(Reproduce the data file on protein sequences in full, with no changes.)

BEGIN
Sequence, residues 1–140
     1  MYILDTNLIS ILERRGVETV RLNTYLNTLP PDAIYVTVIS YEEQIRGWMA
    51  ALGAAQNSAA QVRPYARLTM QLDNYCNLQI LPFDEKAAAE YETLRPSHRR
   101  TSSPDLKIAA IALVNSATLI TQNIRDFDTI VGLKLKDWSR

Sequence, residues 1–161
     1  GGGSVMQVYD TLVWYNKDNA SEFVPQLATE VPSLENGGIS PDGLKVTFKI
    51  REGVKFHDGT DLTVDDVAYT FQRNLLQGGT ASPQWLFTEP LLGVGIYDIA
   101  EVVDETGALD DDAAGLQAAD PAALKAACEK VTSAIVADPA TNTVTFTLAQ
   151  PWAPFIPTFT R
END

Sequence, residues 1–140
     1  MYILDTNLIS ILERRGVETV RLNTYLNTLP PDAIYVTVIS YEEQIRGWMA
    51  ALGAAQNSAA QVRPYARLTM QLDNYCNLQI LPFDEKAAAE YETLRPSHRR
   101  TSSPDLKIAA IALVNSATLI TQNIRDFDTI VGLKLKDWSR

Sequence, residues 1–161
     1  GGGSVMQVYD TLVWYNKDNA SEFVPQLATE VPSLENGGIS PDGLKVTFKI
    51  REGVKFHDGT DLTVDDVAYT FQRNLLQGGT ASPQWLFTEP LLGVGIYDIA
   101  EVVDETGALD DDAAGLQAAD PAALKAACEK VTSAIVADPA TNTVTFTLAQ
   151  PWAPFIPTFT R